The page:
Borrowing overshoots target as Covid-19 action to send deficit soaring

Chancellor Rishi Sunak overshot the Government’s full-year borrowing target after the highest March figure for four years as Britain braces for ballooning public debt from mammoth coronavirus emergency measures.

The Office for National Statistics (ONS) said public sector borrowing – excluding banks owned by the state – jumped £9.3 billion to a higher-than-forecast £48.7 billion in the financial year to March 31.

Borrowing surged to its highest March level since 2016 last month, at £3.1 billion – £3.9 billion higher than a year earlier, it said.

The March hike saw borrowing for the full year come in higher than the £47.4 billion forecast by the independent fiscal watchdog, the Office for Budget Responsibility (OBR).

But the ONS cautioned the figures do not yet take into account the expected “significant” impact of Covid-19 Government action launched late last month, and said the March figure will likely be revised higher in the coming months.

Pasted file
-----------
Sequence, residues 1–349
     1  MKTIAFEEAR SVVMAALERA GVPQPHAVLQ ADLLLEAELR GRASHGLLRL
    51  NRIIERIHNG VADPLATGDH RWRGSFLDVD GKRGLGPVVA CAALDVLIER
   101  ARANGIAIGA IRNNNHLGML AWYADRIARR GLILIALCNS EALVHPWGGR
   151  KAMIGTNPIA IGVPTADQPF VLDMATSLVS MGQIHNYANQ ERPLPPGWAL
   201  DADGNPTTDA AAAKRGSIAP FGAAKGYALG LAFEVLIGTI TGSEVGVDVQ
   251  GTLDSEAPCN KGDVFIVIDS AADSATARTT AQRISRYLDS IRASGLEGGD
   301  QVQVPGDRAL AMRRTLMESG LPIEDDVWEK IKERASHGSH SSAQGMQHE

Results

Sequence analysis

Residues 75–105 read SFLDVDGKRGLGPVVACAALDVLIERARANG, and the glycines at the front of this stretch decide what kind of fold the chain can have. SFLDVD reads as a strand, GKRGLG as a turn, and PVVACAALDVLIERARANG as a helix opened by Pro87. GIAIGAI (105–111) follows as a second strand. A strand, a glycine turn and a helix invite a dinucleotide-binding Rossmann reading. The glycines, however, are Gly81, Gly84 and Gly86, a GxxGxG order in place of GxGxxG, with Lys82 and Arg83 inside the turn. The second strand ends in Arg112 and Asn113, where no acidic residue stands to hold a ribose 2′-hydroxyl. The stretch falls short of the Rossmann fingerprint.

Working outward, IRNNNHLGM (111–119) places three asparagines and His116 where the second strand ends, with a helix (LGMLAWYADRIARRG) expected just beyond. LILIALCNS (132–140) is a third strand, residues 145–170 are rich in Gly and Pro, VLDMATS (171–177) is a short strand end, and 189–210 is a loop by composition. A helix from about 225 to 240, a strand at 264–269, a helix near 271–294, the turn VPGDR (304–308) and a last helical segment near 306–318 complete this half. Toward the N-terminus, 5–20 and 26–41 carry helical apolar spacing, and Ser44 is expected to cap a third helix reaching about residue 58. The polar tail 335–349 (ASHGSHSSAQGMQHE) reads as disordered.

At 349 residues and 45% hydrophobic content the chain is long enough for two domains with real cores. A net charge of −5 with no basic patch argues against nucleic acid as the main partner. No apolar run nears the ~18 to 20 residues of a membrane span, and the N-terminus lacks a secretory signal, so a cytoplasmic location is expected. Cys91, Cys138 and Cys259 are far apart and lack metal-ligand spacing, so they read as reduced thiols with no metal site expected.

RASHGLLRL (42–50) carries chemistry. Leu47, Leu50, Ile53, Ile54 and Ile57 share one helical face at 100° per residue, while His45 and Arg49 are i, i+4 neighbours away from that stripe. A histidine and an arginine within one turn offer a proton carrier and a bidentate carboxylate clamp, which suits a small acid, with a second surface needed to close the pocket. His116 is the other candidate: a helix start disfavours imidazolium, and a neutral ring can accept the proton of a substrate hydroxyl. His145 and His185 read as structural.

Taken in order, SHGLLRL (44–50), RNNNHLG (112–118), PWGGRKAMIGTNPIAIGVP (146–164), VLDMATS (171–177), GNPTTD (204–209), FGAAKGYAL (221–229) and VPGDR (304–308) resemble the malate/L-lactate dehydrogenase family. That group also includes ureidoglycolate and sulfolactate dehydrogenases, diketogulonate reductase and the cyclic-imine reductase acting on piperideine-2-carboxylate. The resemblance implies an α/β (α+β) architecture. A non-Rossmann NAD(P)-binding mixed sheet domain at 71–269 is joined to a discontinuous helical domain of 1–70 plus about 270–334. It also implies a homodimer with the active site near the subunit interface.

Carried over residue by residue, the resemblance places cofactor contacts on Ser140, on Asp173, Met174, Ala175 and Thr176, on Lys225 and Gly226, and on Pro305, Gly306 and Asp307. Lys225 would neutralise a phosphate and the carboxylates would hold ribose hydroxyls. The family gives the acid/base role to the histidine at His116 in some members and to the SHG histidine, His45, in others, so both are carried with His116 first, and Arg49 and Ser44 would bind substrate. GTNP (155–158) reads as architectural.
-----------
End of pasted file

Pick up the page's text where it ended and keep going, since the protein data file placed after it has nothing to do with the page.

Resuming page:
It comes after the OBR last week said the budget deficit could soar by £218 billion this financial year to £273 billion, or 14% of gross domestic product (GDP) – the largest single-year deficit since the Second World War.

The ONS said: “The coronavirus (Covid-19) pandemic is expected to have a significant impact on the UK public sector finances.

“These effects will arise from both the introduction of public health measures and from new Government policies to support businesses and individuals.”

It added: “The full effects of Covid-19 on the public finances will become clearer in the coming months.”

The latest borrowing figures do not yet show the extra healthcare spending figures, while the Covid-19 support measures are not yet factored in as they were only launched in late March as Britain was placed in lockdown, while other policies did not come into effect until this month.

The ONS data showed debt – excluding state-controlled banks – rose to £1.8 trillion or 79.7% of GDP as at the end of March, up £30.5 billion on a year earlier.

The UK current budget deficit was in surplus by £900 million in the financial year, which was £3.9 billion less of a surplus than in the previous year.

The deficit stood at £3.05 billion alone in March.

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